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    @jamesqf Because some people's taxes practically require a full-time accountant by themselves... and that's to say nothing of large corporations (which only count as one 'taxpayer,' but may have dozens or even hundreds or more people working on their taxes.) – reirab May 18 '17 at 15:01
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True, almost true, or false, depending on sources and interpretation.


Depending on sources, the number of professional firefighters + law enforcement officers is either the same or slightly smaller than the number of professional tax preparers. However, if we include part-time or amateur firefighters, the claim is false.

From Face the Facts USA, A Project of the George Washington University, comes the claim with sources (see below). Evidently, they define tax preparers as those who make a living helping taxpayers deciphering US tax code. Likewise, the number only considers professional firefighters.

Note that this is not peer-reviewed research, but rather has the nature of a blog, even though it's run by a university, it should be considered with some care. However, all the numbers are directly sourced to the U.S. Federal Government.

Up to 1.2 million tax preparers make a living deciphering the labyrinth U.S. tax code for taxpayers. We have more professional tax preparers in the United States than law enforcement officers (765,000) and professional firefighters (310,400) combined.

(...)

Sources:
Internal Revenue Service: “Return Preparer Review Leads to Recommendations For New Requirements of Paid Tax Return Preparers”

Bureau of Labor Statistics, Occupational Outlook Handbook: “Firefighters”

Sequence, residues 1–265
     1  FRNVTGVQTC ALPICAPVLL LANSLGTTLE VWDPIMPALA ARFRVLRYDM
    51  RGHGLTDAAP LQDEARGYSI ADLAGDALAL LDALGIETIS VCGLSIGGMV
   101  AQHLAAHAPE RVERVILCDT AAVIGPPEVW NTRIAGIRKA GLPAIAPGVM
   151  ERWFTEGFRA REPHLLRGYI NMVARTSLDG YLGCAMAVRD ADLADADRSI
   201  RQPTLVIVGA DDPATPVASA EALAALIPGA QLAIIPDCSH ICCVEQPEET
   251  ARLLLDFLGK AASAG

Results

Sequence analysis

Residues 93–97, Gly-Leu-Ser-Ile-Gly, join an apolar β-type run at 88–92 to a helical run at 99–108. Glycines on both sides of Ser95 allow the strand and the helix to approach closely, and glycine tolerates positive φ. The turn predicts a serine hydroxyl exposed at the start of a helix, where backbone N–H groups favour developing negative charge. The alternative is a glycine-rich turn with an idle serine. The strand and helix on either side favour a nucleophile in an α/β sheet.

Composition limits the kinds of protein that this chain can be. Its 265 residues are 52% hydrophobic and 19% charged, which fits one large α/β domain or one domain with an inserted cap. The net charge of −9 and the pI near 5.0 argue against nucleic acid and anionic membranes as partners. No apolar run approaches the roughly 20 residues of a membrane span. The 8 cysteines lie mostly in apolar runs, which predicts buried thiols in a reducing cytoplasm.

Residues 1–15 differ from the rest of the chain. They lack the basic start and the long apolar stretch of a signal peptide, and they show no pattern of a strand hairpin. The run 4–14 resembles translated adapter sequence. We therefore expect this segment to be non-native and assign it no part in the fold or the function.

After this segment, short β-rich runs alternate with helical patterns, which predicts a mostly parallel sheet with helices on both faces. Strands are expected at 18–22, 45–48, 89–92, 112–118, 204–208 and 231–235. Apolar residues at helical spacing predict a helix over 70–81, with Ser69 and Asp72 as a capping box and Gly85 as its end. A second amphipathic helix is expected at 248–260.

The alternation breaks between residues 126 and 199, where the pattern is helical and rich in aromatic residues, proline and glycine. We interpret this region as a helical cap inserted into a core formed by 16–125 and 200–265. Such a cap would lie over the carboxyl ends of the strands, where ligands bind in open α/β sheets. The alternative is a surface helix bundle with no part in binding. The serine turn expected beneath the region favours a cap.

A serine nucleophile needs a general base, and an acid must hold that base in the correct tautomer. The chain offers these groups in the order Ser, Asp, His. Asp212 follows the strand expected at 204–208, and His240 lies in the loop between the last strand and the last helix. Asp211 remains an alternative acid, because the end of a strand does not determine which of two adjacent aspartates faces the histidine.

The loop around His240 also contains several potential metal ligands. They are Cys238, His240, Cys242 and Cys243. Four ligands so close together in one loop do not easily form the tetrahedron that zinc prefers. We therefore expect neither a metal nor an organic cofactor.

US Department of Justice, Bureau of Justice Statistics: “Census of State and Local Law Enforcement Agencies, 2008”

However, FEMA give a higher estimate of firefighters:

  • Registered fire departments are staffed by approximately 1,217,000 personnel. This includes career, volunteer and paid per call firefighters as well as civilian staff and nonfirefighting personnel.
  • There were a total of 1,065,700 active career, volunteer and paid per call firefighters representing nearly 88 percent of the registered departments' personnel.
  • Of the active firefighting personnel, 33 percent were career firefighters, 55 percent were volunteer firefighters, and 12 percent were paid per call firefighters.

…this would put the total number of active career firefighters at 0.33*1,065,700 = 351,860. Adding this number to the number of law enforcement officers puts law enforcement + firefighters at the same level.

I don't think the number of amateur tax preparers can be reasonably defined, let alone accurately measured.

In conclusion, depending on what federal agency one sources information to, the number of professional firefighters + law enforcement officers is either the same as the number of professional tax preparers, or it may be slightly smaller.

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    Note the term "professional" is very important to this answer, but the term is not mentioned anywhere in the original claim. – Beofett May 17 '17 at 17:57
  • @Beofett True. Adapted to emphasise that. – gerrit May 17 '17 at 17:59
  • So GWU's numbers are omitting federal law enforcement( FBI, DEA, Military) in their numbers, Can't tell if they are skipping that on that for firefighters. I wonder what percentage of these "tax prepares" subsist soley on this year round. – Mad Myche May 17 '17 at 22:04
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    What about amateur tax preparers? – Paŭlo Ebermann May 18 '17 at 19:18
  • @PaŭloEbermann I don't think we can reasonably define/measure those; see comment. – gerrit May 19 '17 at 11:56